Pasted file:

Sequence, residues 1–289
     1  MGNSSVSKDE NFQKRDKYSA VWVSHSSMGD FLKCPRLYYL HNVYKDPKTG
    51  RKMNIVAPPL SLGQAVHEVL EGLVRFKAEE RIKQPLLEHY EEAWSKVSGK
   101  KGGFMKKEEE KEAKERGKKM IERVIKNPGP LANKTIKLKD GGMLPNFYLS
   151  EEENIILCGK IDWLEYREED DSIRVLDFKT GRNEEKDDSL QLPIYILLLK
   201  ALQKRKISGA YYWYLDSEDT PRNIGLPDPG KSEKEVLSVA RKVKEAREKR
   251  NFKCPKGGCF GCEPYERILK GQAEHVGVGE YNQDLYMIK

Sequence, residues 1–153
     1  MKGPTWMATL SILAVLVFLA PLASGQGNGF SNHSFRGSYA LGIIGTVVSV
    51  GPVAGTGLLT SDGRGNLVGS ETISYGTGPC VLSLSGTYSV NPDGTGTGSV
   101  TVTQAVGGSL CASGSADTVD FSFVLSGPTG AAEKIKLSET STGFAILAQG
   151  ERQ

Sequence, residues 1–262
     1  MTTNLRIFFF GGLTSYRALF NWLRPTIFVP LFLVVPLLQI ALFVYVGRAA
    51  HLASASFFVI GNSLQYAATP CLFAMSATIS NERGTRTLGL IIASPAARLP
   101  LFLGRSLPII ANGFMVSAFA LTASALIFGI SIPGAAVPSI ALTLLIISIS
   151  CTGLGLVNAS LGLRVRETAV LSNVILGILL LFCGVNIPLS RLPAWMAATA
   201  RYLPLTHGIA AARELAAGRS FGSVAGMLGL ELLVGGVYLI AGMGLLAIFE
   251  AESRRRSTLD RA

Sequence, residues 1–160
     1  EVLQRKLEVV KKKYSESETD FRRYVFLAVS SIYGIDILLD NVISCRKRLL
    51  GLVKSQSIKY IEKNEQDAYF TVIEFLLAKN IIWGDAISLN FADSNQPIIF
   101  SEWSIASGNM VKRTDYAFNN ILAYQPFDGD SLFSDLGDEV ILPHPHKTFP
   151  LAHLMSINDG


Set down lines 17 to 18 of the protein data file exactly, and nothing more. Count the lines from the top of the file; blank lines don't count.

   151  CTGLGLVNAS LGLRVRETAV LSNVILGILL LFCGVNIPLS RLPAWMAATA
   201  RYLPLTHGIA AARELAAGRS FGSVAGMLGL ELLVGGVYLI AGMGLLAIFE